WARNING: Although the information which follows was correct at the time of original publication in the PCT Newsletter, some information may no longer be applicable; for example, amendments may have been made to the PCT Regulations and Administrative Instructions, as well as to PCT Forms, since the PCT Newsletter concerned was published; changes to certain fees and references to certain publications may no longer be valid. Wherever there is a reference to a PCT Rule, please check carefully whether the Rule in force at the date of publication of the advice has since been amended.
The importance of ensuring that there is an applicant named who is entitled to file a PCT application (especially in view of the fact that inventors no longer have to be named as applicants)
Q: I have, in recent years, filed a number of applications on behalf of a company which has the nationality and residence of a State which is not a PCT Contracting State, along with applicant/inventors who are nationals of a PCT Contracting State. A few days ago I filed an application on behalf of that company for the first time since the entry into force of the America Invents Act, and, in view of the fact that inventors no longer have to be named as applicants for the purposes of the designation of the United States of America, the inventors mentioned above were not indicated as applicants, but simply as “inventors only”. Consequently, I have just received from the receiving Office Form PCT/RO/103 inviting me to correct the application, because the only applicant does not have the right to file an international application as it is neither a national nor a resident of a PCT Contracting State. What can I do?
A: A number of similar cases have been brought to the attention of the International Bureau since the entry into force of the America Invents Act. Although one of the effects of the Act was to facilitate the filing of international applications by removing the need to name the inventors as applicants for the purposes of the designation of the United States of America, you should now be even more careful to ensure that there is at least one applicant who, at the time of filing, is a national and/or resident of a PCT Contracting State. Otherwise, the application will not meet the requirements of PCT Article 11(1)(i), and therefore cannot be accorded an international filing date and will not be processed as a PCT application.
In your case, although your purported international application has been accorded a PCT application number and a date of receipt, it will not be accorded an international filing date unless the outstanding PCT Article 11 defect is corrected. The international filing date accorded would only be the date on which any correction is received by the receiving Office, and not necessarily the date of receipt of the application (see PCT Rule 20.3(b)(i)). Provided that you are in a position to correct that defect, you should therefore respond to Form PCT/RO/103 as soon as possible. This is of particular importance if you want to obtain a filing date for a first filing, or if you would like to claim the priority of an earlier application in respect of which the 12-month priority period will expire soon.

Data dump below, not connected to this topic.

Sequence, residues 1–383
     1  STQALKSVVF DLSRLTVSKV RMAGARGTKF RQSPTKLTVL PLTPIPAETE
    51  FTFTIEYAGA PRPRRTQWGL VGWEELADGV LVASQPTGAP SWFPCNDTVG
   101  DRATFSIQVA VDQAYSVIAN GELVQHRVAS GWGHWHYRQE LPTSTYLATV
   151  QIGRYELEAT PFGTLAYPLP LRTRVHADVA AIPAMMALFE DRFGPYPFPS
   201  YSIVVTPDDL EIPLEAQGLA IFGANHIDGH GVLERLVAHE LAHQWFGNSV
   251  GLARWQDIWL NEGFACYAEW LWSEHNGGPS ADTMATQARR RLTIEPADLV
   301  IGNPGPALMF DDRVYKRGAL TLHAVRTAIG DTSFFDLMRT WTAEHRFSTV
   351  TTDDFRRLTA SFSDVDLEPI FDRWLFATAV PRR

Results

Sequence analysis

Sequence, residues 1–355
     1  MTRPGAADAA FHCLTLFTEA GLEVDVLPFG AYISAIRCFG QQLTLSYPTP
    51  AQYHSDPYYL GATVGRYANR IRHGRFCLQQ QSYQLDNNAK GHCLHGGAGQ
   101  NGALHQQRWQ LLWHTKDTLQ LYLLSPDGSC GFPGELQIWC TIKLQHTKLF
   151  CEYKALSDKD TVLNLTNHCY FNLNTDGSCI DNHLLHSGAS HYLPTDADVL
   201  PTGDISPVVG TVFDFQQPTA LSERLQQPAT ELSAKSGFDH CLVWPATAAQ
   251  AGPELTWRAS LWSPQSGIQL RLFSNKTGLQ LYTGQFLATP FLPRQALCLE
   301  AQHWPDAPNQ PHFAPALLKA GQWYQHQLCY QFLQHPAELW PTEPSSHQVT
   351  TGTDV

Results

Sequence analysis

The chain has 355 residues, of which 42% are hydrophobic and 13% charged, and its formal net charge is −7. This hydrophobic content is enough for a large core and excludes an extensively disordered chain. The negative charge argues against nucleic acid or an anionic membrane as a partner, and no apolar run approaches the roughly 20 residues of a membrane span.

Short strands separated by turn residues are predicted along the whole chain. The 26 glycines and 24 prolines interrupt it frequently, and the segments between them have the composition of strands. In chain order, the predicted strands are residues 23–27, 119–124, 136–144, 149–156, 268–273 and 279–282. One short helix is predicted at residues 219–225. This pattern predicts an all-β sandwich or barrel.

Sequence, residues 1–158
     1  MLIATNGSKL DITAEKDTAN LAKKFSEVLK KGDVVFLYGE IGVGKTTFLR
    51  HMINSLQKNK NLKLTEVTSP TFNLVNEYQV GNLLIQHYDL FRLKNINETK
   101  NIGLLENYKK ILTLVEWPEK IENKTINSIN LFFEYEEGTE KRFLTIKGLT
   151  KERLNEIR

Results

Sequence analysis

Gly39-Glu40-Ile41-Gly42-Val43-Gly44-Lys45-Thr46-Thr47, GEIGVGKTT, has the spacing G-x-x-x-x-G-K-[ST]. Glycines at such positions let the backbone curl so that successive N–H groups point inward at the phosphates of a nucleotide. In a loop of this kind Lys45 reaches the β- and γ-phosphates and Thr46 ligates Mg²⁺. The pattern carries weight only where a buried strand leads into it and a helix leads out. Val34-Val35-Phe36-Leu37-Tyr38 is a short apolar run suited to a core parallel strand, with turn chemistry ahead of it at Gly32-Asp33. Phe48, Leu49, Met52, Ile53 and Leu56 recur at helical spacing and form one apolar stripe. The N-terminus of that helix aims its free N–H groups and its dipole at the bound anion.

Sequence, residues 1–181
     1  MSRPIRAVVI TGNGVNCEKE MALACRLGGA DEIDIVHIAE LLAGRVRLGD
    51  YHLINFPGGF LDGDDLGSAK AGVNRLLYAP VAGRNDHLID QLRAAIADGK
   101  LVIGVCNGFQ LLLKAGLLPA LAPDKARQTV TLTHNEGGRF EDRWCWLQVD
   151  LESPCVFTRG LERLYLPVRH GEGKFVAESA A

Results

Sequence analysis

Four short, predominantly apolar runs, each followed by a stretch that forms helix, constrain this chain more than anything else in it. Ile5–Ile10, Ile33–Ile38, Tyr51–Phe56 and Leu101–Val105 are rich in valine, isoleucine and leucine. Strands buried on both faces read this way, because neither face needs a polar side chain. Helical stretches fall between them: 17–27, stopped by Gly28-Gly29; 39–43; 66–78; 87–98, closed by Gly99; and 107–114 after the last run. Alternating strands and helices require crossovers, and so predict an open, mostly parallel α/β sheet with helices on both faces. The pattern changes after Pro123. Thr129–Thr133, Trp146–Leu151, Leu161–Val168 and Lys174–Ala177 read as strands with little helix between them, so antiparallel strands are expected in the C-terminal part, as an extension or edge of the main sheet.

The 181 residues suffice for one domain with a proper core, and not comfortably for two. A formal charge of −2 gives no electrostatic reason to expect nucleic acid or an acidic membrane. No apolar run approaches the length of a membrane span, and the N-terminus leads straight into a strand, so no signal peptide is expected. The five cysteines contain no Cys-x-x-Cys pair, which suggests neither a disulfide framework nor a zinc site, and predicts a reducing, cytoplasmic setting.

One course of action, provided that you have the approval of the corporate applicant, is to respond to the invitation by naming one or more of the inventors as applicants for at least one designation, and notifying the State of residence and nationality of those applicant/inventors. Your response to the invitation could include a substitute sheet of the request form containing an indication that the inventors are applicant/inventors, as well as an indication of their State of residence and nationality. If the inventors are to be considered as applicants for a specific designated State (or for specific designated States), this should be specified in the supplemental box of the request form. However, as stated above, changing the status of the inventors to applicant/inventors gives them rights in the application, and affects the rights of the corporate applicant, and thus this strategy should be carefully considered.
Provided that there are no other PCT Article 11 defects, the date of receipt by the receiving Office of the response to Form PCT/RO/103 would be considered as the international filing date, as that is the date on which the requirements under PCT Article 11 would effectively be met.
Although the following situation would appear not to apply in the case of your application, it can happen in certain circumstances that, in response to an invitation to correct a defect under PCT Article 11(1)(i), evidence can be submitted indicating to the satisfaction of the receiving Office that, in fact, the applicant had, on the date on which the international application was actually received, the right to file an international application, for example, because the residence and/or nationality had been erroneously indicated. In such a case, upon furnishing such evidence, the invitation would be considered to have been an invitation to correct a defect under PCT Article 14(1)(a)(ii) and PCT Rule 4.5, and the applicant would be able to correct this and maintain the date of receipt as the international filing date (see Section 329 of the Administrative Instructions under the PCT).
Note that, if you had filed the international application using PCT-SAFE (or a similar filing software, such as eOLF and ePCT-Filing (currently in pilot phase)), you would have received a warning message prior to submission of the application, and might have been able to avoid making the PCT Article 11 defect.